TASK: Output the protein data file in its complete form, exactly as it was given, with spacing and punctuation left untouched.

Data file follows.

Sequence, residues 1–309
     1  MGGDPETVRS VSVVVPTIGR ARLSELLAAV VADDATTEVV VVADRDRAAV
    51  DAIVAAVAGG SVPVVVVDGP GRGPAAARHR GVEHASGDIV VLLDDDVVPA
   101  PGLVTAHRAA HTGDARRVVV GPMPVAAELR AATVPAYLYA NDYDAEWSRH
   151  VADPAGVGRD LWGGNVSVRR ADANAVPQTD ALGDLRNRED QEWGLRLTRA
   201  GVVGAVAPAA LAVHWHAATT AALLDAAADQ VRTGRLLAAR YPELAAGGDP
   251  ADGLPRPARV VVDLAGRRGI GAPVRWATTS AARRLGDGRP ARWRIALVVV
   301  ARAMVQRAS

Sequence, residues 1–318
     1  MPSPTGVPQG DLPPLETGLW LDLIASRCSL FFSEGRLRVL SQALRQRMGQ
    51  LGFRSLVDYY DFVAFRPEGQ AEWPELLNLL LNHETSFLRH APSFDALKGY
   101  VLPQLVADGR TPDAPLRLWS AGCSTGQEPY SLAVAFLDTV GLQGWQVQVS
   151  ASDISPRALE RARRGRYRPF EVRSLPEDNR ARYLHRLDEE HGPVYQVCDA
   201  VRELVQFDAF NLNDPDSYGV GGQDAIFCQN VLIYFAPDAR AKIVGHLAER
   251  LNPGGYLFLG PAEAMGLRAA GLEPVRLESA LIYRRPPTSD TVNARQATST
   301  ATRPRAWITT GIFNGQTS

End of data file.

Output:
Sequence, residues 1–309
     1  MGGDPETVRS VSVVVPTIGR ARLSELLAAV VADDATTEVV VVADRDRAAV
    51  DAIVAAVAGG SVPVVVVDGP GRGPAAARHR GVEHASGDIV VLLDDDVVPA
   101  PGLVTAHRAA HTGDARRVVV GPMPVAAELR AATVPAYLYA NDYDAEWSRH
   151  VADPAGVGRD LWGGNVSVRR ADANAVPQTD ALGDLRNRED QEWGLRLTRA
   201  GVVGAVAPAA LAVHWHAATT AALLDAAADQ VRTGRLLAAR YPELAAGGDP
   251  ADGLPRPARV VVDLAGRRGI GAPVRWATTS AARRLGDGRP ARWRIALVVV
   301  ARAMVQRAS

Sequence, residues 1–318
     1  MPSPTGVPQG DLPPLETGLW LDLIASRCSL FFSEGRLRVL SQALRQRMGQ
    51  LGFRSLVDYY DFVAFRPEGQ AEWPELLNLL LNHETSFLRH APSFDALKGY
   101  VLPQLVADGR TPDAPLRLWS AGCSTGQEPY SLAVAFLDTV GLQGWQVQVS
   151  ASDISPRALE RARRGRYRPF EVRSLPEDNR ARYLHRLDEE HGPVYQVCDA
   201  VRELVQFDAF NLNDPDSYGV GGQDAIFCQN VLIYFAPDAR AKIVGHLAER
   251  LNPGGYLFLG PAEAMGLRAA GLEPVRLESA LIYRRPPTSD TVNARQATST
   301  ATRPRAWITT GIFNGQTS